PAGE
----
July 31, 2010

Female Trucker Injures Legs During Illinois Work Accident

A female trucker sustained serious leg injuries when 1000 pounds in steel fuel pipes fell on her. The Illinois work accident took place on July 23 at the Barnes Pipe and Steel Co. At the time, she was helping unload them from the truck.

One of the her legs was crushed during the work accident. The other leg sustained serious injuries. It took rescue workers about 45 minutes to get her out. She was flown to the hospital.

Truck Driver Injuries
Driving a commercial truck is arduous, physical work. The hours spent behind the steering wheel can lead to back and neck injuries. There are also the injuries a trucker can suffer when involved in a Chicago truck accident. Poor diet, lack of sleep, the stress of having to meet delivery deadlines, lack of exercise, having to stay in a seated position for hours at a time, body clocks that must cater to the rhythms of the job, and driver fatigue, increase the chances of illness and injury. Musculoskeletal disorders, chronic illnesses, carpal tunnel syndrome, and upper extremity injuries have been known to happen.

With their heavy cargo, truckers also risk injuries when loading and unloading their trucks. Slip and fall accidents and trip and fall accidents are not uncommon. Truck drivers also risk exposure to the hazardous substances they are carrying in the event that a Chicago truck collision triggers a cargo leak.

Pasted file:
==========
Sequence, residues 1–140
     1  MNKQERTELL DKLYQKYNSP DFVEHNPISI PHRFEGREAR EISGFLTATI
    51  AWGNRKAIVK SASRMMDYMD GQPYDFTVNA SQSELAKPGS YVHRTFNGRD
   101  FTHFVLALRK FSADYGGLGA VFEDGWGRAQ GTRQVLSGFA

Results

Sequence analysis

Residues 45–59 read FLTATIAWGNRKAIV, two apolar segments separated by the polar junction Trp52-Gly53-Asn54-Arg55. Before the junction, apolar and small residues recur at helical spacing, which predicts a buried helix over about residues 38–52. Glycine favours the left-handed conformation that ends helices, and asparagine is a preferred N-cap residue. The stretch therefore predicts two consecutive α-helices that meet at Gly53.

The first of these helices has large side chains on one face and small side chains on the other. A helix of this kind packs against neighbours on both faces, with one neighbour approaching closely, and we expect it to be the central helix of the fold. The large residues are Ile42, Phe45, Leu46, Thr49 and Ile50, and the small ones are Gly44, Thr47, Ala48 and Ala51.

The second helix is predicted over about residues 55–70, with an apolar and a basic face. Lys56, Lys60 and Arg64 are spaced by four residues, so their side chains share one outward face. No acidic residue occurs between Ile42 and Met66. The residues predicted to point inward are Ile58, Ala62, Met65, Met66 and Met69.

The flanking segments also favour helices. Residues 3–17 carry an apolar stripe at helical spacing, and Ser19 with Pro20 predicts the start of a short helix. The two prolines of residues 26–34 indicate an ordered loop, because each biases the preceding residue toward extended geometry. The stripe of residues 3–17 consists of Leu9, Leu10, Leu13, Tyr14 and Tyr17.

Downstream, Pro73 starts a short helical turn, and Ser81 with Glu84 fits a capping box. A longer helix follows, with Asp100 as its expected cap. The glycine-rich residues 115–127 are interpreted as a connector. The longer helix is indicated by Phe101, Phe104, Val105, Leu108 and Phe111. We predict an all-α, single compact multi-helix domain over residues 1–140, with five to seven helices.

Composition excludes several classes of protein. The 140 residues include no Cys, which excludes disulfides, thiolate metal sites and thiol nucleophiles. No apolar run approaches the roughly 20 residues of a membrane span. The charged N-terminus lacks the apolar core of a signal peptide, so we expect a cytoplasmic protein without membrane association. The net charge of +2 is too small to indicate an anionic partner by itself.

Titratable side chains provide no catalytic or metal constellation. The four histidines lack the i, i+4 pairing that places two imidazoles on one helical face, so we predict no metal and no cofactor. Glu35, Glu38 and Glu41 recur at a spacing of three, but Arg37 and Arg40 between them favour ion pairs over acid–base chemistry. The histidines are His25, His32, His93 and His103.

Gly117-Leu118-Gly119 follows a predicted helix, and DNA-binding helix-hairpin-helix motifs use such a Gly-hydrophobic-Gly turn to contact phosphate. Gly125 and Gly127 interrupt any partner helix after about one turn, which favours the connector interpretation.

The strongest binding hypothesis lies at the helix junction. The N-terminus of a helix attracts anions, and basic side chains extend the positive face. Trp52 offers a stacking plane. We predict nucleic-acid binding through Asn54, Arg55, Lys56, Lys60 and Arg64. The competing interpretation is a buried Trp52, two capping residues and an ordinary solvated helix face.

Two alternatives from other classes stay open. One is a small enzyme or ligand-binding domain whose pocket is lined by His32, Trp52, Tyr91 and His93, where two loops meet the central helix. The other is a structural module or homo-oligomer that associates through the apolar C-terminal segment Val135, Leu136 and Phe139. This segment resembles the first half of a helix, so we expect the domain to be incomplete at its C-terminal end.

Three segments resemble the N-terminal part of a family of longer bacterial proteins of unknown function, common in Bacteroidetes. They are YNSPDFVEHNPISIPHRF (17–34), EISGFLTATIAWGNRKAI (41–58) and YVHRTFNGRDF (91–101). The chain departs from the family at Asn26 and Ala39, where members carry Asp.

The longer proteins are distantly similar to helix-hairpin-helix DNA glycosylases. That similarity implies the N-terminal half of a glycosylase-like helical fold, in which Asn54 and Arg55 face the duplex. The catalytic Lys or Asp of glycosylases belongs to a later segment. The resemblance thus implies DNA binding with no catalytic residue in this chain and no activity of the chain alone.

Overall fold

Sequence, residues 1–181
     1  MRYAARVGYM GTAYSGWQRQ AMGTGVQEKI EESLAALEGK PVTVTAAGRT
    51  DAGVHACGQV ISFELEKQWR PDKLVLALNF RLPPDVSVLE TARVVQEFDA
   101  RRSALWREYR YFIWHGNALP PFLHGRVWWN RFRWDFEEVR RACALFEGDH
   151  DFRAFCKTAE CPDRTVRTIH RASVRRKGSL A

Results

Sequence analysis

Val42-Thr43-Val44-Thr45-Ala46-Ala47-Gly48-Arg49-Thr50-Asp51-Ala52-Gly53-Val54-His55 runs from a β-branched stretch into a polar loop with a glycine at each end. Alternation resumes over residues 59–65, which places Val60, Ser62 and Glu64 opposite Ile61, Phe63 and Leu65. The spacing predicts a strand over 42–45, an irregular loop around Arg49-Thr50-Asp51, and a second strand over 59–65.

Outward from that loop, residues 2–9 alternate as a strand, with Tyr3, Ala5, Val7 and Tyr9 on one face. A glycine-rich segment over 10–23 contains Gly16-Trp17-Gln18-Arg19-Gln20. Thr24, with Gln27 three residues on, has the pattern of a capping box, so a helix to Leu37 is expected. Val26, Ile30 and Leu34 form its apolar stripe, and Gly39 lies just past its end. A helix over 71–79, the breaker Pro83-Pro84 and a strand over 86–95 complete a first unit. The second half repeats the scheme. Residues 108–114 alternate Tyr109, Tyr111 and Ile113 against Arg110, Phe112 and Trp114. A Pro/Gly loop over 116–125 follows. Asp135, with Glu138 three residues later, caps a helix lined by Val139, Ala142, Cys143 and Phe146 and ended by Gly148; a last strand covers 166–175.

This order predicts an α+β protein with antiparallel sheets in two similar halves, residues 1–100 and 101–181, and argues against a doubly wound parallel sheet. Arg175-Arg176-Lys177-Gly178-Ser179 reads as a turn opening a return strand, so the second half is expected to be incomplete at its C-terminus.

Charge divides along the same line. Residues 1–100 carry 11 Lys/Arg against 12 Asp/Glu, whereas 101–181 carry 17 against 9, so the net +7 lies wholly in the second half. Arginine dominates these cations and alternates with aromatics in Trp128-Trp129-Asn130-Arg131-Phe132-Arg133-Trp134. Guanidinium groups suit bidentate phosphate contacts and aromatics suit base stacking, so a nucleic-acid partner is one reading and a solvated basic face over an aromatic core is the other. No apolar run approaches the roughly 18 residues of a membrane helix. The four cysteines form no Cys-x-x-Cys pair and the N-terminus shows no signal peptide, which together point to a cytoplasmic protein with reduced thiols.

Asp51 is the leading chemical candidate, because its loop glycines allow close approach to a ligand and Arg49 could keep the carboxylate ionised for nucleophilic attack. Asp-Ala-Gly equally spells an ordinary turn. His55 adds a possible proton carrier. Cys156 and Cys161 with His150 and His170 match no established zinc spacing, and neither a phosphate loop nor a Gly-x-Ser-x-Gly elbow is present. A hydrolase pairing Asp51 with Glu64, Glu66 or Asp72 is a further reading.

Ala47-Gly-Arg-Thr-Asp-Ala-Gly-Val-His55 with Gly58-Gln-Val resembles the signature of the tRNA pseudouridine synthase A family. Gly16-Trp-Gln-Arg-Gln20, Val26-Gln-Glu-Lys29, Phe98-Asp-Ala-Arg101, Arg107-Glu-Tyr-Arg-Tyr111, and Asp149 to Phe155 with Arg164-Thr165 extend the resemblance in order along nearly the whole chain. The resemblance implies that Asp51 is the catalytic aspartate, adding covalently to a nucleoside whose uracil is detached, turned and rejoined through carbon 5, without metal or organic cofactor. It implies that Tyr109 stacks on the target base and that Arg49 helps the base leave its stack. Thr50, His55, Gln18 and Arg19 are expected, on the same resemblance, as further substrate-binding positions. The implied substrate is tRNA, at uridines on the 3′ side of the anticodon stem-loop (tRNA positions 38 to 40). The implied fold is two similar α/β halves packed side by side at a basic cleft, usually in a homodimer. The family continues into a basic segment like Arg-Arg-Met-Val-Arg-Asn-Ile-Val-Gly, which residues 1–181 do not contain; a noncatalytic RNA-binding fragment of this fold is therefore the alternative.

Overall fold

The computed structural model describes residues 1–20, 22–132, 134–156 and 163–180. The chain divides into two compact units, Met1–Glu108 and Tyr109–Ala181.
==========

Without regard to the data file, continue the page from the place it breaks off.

It is important that you file your Illinois workers' compensation claim as soon as possible.

Woman injured by falling steel pipes at industrial site in Dupo, BND, July 24, 2010

Commercial Truck Driver Health and Safety- Preventing Injury and Illness, NIH.gov

Related Web Resources:
Census of Fatal Occupational Injuries Summary, 2008, Bureau of Labor Statistics

Long Haul Truck Drivers at Risk of Suffering from Upper Extremity Injuries and Back Pain, ChicagoWorkersCompensationLawyer, July 1, 2010

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May 29, 2010

OSHA Orders Belvidere Company to Pay $510,000 Fine for Deadly Blast that Killed Trucker and Exposed Workers to Hazards

The Occupational Safety and Health Administration has ordered NDK Crystals Inc. to pay a $510,000 fine for allegedly serious and egregious federal workplace safety standards violations related to a blast killed a trucker and exposed other employees to hazardous conditions.

The truck driver, Ronald Greenfield was in the parking lot of a service station when he was hit by a large chunk of debris last December. The debris came from the company’s crystal manufacturing building. Also injured was a woman who worked Grupo Antolin Illinois Inc. She was thrown during the explosion and treated at the scene before being released. The blast also exposed workers at the facility to hazards that were created as a result.